Linking together the relevant pages of your site is good for user experience, and helps Google better understand relationships between pages on your site. If your site is on WordPress, try to resist the temptation to use a plugin to automate internals links, I’ve heard some horror stories.
10. Optimize your images.
Your images should be optimized for SEO too, and that task is relatively simple — title them appropriately, add descriptive alt tags and keep them in the proper format.
11. Reference authoritative outside sources.
Google pays attention to what you link to in an article. Citing authoritative sources to back up your claims will make your content more credible and trustworthy to Google as well as to your readers.
12. Include social media integrations.
Every article on your site should be accompanied by social share icons; social shares serve as indirect ranking signals, giving you the opportunity to earn more inbound links, which pass authority back to your site.
13. Optimize your website loading speed.
This can be as simple or as complicated as you make it; there are several ways to make a site faster, such as reducing image sizes, adding a caching plugin, switching hosting providers and deleting unnecessary plugins.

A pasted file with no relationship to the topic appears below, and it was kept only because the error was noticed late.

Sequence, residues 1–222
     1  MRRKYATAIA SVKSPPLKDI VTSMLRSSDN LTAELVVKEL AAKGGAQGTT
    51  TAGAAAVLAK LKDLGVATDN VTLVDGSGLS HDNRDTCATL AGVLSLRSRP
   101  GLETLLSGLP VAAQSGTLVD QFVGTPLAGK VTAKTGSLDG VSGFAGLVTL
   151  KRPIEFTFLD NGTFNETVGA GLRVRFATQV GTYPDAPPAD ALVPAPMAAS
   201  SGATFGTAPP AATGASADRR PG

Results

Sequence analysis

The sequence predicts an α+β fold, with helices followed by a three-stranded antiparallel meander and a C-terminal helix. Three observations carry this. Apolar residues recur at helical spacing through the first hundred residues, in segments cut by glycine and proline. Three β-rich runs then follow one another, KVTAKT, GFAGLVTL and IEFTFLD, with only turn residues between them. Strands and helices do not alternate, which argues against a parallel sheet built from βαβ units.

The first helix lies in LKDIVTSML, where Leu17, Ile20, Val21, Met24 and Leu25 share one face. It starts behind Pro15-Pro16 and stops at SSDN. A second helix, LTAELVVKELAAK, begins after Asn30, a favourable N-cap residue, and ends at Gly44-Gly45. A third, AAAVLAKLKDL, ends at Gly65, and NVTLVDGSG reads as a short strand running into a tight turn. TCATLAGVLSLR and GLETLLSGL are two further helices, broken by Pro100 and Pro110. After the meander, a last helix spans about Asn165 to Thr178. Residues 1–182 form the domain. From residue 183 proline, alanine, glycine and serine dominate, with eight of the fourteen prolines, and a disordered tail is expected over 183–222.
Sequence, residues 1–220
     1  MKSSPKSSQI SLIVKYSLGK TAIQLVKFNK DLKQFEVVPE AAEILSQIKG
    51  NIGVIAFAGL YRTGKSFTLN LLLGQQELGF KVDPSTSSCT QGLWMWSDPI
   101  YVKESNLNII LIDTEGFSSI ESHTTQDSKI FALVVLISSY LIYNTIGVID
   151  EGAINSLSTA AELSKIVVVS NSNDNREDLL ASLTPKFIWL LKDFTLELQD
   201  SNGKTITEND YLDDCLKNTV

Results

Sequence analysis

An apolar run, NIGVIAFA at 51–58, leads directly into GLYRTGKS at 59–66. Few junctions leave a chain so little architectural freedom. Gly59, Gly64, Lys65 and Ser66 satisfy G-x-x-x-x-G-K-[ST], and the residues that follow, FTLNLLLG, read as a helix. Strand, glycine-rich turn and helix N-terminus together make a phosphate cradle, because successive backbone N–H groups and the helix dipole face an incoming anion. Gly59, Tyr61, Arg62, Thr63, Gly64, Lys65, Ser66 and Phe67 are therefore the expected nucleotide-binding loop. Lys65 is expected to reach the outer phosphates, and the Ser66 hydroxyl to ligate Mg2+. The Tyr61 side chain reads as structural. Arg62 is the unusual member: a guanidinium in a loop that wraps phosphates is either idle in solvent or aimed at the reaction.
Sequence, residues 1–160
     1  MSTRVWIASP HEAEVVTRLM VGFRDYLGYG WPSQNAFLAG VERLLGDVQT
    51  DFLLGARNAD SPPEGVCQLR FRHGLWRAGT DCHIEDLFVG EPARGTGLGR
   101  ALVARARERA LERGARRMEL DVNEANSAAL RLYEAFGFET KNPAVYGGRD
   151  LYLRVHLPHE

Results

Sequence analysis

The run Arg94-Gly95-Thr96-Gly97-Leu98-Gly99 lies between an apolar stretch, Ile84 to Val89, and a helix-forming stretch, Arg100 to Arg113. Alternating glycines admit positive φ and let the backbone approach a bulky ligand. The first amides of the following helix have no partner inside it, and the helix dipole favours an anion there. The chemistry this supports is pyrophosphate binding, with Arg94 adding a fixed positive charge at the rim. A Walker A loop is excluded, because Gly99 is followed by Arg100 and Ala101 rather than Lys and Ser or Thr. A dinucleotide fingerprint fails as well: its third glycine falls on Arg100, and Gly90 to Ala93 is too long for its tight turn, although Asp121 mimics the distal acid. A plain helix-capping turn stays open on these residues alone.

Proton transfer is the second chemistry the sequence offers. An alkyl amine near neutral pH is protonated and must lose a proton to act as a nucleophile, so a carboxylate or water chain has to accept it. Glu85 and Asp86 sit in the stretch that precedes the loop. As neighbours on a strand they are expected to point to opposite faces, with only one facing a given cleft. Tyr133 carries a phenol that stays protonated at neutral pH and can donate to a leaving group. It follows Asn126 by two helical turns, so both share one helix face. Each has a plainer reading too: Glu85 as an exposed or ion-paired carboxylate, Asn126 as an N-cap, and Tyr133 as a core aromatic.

14. Optimize for mobile devices.
The majority of Google search now occurs on mobile devices, so if your site doesn’t display attractively for mobile users, you could be missing out on a huge chunk of traffic. Also, Google will not display your website prominently in mobile search results if your website isn’t mobile-optimized.
15. Earn some links.
As a consistent strategy, link-building demands heavy investment, but if you’re just getting started, you can earn some links by: 1) getting active enough in your community to earn media coverage; 2) publishing an opinion about a controversial topic you’re qualified to write about; or 3) reaching out to a publication in your industry to secure a guest posting opportunity. These days, there are really only three viable strategies for link building; this article covers them.
16. Remove bad links.
Use Google Search Console to download a list of links to your website. Then, evaluate your link profile and identify “bad” links from low-authority sources. Remove them manually or through an email request to the webmaster.
17. Syndicate your content.
You’re writing lots of great content, but what are you doing with it? Take a moment to syndicate your content through social media channels, which increases the likelihood that it will earn rank-boosting links to your site.
These tactics alone won’t guarantee you a top ranking for a competitive keyword, nor are they suitable to manage a campaign in the long term, but they will give you a strong boost and a good foundation to build an ongoing strategy. Building a full campaign from scratch takes time, effort and patience — and you’ll probably run into hurdles.
In addition, money is the substitute to addressing these problems — it spares you the time and effort of doing the work yourself, and connects you with experts right away. But even then, you’ll be paying for a return. Remember: This isn’t an expense, it’s an investment.